By Tim Gibbon for the Passyunk Post
On Tuesday, June 5th students, teachers, project partners, and community members gathered at Eliza Kirkbride School, 1501 South 7th Street, for the dedication of the new mosaic mural that now adorns the front of their school. Kirkbride students worked with COSACOSA art at large, Inc. to produce the mural, titled “Philadelphia: Love & Liberty.” COSACOSA is a non-profit organization that engages people of differing backgrounds to work together toward a common goal through participatory art-making.
The new mosaic mural at Kirkbride. Photo by Ellie Seif.
The artwork celebrates both Philadelphia’s role in the founding of the nation and the hopes of its youth. Students investigated connections among the ideals expressed in our nation’s founding documents and immigrant stories from their families, their school, and their neighborhood. Kirkbride students represent more than 30 different ethnicities, and many are new immigrants. The ceremony coincided with the national celebration of Immigrant Heritage Month.
Kirkbride student artists. Photo by Tim Gibbon.
The ceremony featured remarks principal Rebecca Julien and teachers Catherine Memmolo and Peter Metcalfe. Praising the student’s work, COSACOSA Director Kimberly Niemela said, “In the mural, a rainbow bridge of understanding runs across the entire city.”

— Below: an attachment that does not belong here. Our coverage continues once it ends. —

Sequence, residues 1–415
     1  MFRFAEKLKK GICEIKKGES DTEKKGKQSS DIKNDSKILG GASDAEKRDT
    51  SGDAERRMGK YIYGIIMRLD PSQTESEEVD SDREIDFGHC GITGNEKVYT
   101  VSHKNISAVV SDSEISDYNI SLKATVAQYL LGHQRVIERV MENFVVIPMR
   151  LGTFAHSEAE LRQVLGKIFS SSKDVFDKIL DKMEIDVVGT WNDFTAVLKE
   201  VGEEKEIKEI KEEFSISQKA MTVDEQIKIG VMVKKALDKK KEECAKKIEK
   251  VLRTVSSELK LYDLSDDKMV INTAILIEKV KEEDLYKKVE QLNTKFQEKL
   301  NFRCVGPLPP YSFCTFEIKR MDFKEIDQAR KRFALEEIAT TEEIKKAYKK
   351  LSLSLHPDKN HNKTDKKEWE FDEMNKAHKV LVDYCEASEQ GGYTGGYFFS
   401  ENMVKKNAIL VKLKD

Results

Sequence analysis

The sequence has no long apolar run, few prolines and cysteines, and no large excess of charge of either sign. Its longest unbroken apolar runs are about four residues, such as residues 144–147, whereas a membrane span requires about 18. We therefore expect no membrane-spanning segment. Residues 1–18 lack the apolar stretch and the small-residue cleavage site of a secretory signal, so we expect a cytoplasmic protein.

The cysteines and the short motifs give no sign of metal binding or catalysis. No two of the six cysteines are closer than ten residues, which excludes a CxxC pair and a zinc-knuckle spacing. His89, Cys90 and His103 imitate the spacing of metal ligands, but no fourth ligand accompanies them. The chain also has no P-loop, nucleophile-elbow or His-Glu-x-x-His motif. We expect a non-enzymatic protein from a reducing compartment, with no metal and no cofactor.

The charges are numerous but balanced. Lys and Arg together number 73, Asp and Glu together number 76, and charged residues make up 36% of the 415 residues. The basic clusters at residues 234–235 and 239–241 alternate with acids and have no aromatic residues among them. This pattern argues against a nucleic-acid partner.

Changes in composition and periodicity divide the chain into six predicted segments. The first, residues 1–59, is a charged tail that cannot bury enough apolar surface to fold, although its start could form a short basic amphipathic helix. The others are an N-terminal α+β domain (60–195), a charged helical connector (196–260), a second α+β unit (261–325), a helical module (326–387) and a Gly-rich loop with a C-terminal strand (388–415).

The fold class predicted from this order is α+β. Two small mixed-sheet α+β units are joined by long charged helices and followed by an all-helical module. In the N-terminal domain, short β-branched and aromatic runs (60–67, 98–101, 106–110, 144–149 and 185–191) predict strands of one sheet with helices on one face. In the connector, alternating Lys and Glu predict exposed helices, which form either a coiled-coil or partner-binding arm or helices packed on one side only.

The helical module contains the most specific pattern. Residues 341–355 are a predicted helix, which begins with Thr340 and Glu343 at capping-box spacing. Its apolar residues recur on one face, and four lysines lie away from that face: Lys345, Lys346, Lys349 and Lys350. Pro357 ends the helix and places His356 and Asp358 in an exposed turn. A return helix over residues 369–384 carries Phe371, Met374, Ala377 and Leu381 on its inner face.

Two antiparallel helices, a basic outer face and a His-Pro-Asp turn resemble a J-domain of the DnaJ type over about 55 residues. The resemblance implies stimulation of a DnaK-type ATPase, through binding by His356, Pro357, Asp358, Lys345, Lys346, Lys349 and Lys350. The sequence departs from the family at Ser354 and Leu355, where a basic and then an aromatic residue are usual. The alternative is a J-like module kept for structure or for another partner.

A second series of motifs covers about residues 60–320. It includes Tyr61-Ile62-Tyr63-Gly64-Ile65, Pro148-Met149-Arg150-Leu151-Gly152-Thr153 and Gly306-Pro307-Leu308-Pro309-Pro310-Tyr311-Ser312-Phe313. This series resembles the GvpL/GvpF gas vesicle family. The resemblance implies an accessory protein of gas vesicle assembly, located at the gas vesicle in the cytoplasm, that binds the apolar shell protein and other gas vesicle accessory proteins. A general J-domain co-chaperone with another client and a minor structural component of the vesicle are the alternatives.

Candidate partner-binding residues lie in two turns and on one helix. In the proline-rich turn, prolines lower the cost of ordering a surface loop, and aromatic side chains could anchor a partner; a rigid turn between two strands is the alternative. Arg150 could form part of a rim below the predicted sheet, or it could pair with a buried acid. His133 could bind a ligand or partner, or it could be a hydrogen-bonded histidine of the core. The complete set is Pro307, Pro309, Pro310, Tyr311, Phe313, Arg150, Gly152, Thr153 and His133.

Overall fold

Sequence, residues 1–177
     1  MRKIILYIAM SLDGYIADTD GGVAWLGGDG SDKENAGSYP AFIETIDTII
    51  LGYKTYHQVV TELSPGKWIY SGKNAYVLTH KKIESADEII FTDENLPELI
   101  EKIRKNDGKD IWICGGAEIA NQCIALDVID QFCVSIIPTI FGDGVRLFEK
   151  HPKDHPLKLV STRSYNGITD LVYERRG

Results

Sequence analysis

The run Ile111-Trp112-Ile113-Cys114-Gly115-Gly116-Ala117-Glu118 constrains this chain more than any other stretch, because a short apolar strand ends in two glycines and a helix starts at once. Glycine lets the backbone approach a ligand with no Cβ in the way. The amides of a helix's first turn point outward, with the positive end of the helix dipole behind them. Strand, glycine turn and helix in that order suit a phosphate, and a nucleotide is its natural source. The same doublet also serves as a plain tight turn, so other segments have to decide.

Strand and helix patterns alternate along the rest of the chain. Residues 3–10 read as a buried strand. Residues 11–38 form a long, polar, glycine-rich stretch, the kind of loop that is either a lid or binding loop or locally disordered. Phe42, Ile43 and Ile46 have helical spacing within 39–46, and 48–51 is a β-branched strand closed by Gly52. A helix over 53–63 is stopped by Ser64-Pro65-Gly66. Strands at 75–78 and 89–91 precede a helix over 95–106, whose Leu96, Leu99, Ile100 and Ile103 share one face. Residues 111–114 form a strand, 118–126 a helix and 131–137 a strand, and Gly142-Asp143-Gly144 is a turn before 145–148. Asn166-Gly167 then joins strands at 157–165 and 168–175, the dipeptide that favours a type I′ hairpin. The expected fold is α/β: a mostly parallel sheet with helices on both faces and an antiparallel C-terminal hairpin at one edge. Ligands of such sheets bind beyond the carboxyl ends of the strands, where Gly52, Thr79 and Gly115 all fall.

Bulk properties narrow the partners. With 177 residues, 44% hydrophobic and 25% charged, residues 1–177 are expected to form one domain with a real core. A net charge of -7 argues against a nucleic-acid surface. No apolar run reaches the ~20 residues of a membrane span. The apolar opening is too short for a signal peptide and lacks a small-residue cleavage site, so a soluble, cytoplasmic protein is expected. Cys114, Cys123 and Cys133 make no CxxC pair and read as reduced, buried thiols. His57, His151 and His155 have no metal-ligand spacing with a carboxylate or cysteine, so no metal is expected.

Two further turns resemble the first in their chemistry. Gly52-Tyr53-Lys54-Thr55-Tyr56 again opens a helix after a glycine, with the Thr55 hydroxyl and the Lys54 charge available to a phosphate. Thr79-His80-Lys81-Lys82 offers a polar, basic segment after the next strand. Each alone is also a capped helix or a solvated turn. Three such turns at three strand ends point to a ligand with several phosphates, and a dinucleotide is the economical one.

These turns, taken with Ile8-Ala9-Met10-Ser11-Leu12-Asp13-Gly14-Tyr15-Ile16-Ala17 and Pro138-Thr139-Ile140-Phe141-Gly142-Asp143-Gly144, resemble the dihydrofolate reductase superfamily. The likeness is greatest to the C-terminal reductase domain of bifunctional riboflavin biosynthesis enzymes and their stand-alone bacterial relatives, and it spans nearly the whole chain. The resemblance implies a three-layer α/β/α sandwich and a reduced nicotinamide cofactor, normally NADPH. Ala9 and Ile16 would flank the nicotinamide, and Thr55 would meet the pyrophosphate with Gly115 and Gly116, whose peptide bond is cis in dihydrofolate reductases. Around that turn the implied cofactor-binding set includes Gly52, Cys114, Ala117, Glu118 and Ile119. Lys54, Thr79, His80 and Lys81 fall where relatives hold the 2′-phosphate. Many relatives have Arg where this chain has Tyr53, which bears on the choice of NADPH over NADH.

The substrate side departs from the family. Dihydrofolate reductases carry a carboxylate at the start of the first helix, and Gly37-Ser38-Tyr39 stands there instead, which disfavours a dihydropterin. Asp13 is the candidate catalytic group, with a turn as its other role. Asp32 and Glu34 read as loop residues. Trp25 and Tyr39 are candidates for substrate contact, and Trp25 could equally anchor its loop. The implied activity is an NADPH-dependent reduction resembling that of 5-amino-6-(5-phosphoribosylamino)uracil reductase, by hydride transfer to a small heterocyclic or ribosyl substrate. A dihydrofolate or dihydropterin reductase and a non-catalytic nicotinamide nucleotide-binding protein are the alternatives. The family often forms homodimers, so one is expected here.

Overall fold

Sabrya Ross, an 8th grade student at Kirkbride who worked on the mural, noted that “Love and freedom are very important because there’s a lot of separation and hate in the world. We should all try to come together to make it better.” Fellow 8th-grader Guosheng Chen added, “When we are united together as one community, we can achieve any goal.”
Sabrya Ross, an 8th grade student at Kirkbride gives her remarks. Photo by Ellie Seif.
Otis Hackney, the city’s Chief Education Officer for the Mayor’s Office of Education commended the student’s work, “You built this. You created this. One day you will be able to drive by with kids your age and say I made that. I am a huge supporter of arts in schools.”
Symbol Lai, Deputy Director, Office of Immigrant Affairs noted that, “Murals like this remind us of who we are as a city and who we hope to be. They let our neighbors – many of whom might be the targets of anti-immigrant attacks- know that we stand by them.”
Kirkbride students, staff, organizers and dignitaries at the mural dedication. Photo by Ellie Seif.
The project received a 2018 Picasso Project grant award from Public Citizens for Children and Youth (PCCY). Since 2002, PCCY’s Picasso Project has provided access to the arts for 41,000 students through strategic grants to 164 schools. The Picasso Project advocates for full and equitable funding for arts education for Philadelphia students.